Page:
Expanding the insights of Geoffrey Parker (“Western Geopolitical Thought”, 1985), geopolitics (i.e., the field of studies) can be defined as the study of polities as spatial phenomena, with a view toward understanding the geographical and technological base of their power, and of geopolitical traditions.

What, then, is geopolitical change? It is a change in geopolitical reality which occurs either because of technological advances (affecting the strategic relevance of a natural resource, or introducing a revolution in military affairs), or because of alterations in the spatial distribution of power centres (for instance, the rise of new great powers or economic hubs).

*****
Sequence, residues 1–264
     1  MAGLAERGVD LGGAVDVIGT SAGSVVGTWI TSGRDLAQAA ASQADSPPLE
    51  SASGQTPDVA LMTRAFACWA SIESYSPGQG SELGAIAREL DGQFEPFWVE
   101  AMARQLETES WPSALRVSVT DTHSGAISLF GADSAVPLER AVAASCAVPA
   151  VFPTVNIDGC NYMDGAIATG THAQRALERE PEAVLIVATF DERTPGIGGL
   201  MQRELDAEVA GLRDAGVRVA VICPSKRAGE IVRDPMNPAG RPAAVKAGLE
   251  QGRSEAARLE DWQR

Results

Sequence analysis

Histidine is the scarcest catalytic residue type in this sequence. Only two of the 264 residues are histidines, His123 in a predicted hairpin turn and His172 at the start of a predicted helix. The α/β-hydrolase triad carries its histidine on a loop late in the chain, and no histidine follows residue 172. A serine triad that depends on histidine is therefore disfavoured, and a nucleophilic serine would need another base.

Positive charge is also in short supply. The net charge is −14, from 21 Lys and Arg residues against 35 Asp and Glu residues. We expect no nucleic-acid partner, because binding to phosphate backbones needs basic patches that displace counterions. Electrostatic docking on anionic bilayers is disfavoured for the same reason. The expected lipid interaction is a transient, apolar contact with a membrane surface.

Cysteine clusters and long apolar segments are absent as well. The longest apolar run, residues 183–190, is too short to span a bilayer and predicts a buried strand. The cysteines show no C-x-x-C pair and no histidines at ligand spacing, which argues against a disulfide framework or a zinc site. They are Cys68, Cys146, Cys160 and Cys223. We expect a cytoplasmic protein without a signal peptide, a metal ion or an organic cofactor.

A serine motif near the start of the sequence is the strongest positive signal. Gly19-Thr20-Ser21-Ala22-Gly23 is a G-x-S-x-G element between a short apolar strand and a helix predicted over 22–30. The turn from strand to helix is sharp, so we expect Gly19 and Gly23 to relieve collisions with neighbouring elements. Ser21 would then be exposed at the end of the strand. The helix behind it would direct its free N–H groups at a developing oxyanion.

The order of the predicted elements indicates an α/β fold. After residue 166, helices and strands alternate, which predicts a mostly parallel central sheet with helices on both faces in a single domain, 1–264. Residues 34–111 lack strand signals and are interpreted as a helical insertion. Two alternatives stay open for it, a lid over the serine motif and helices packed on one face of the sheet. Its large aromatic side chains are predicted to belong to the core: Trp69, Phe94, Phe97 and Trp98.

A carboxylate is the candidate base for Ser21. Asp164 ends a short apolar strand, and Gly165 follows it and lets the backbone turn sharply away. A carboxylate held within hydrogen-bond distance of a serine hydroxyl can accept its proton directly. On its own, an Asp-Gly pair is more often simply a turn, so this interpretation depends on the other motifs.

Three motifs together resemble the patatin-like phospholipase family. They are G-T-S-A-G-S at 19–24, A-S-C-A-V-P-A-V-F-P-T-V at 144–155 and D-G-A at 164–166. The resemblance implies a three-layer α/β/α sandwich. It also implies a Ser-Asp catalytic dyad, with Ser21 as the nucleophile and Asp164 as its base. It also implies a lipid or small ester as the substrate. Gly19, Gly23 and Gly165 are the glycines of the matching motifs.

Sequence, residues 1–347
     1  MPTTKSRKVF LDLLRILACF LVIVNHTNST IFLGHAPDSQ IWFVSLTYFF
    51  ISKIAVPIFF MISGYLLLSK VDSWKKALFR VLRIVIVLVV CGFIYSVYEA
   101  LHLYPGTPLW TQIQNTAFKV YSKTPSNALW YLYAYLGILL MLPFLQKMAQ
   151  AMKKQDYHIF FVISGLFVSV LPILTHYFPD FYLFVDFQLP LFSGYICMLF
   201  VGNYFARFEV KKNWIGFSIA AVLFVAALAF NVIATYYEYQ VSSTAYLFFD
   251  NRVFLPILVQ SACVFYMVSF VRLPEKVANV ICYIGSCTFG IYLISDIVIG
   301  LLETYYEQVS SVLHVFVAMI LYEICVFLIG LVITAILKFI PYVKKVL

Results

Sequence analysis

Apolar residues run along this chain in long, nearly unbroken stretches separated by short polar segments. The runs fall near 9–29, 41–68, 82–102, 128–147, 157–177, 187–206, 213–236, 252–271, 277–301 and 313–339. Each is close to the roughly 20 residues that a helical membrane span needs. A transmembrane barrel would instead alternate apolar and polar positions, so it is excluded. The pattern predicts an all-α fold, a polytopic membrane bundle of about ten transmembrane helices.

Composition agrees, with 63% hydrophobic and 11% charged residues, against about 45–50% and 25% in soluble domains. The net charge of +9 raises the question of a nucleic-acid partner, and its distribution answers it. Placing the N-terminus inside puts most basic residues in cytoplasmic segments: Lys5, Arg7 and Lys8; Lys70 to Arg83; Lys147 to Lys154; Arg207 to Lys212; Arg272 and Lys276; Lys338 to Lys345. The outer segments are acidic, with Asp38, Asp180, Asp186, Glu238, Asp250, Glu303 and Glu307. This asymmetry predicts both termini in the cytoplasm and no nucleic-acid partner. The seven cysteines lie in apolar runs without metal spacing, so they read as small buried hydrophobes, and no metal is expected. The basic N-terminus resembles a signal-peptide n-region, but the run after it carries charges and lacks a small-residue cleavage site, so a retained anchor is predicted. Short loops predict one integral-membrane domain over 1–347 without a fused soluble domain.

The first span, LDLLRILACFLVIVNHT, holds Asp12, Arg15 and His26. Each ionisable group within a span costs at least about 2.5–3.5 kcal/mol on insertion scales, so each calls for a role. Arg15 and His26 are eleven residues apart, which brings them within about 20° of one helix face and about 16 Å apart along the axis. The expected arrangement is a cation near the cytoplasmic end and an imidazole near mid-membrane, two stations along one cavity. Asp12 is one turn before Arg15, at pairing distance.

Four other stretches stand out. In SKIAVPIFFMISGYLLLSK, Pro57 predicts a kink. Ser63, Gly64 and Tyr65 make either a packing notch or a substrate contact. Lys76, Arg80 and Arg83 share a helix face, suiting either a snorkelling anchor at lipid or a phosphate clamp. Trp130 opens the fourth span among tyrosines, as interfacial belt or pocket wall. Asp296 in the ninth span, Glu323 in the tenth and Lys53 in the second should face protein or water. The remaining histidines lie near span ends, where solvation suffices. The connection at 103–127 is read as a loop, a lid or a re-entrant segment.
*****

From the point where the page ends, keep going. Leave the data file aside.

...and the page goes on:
Now, while many observers maintain that the current international economical and financial crisis will impact global geopolitics, what evidence do we have that such deep economic crises usually affect geopolitical realities? If we look at history (the only guide we have, albeit sometimes difficult to use), we should reflect upon the geopolitical consequences of the 1929 crisis. Not because that crisis is identical to today’s one – it’s not – but because we have to grasp the causal link between international economic crises and geopolitics. Surprisingly, we find that geopolitical reality is not so much affected by such crises. For instance, the United States was a rising power in 1929. Although very heavily affected by the crisis, it continued its rise and became even stronger in the 1940s, mainly for strategic-military reasons and their impact on the US economy.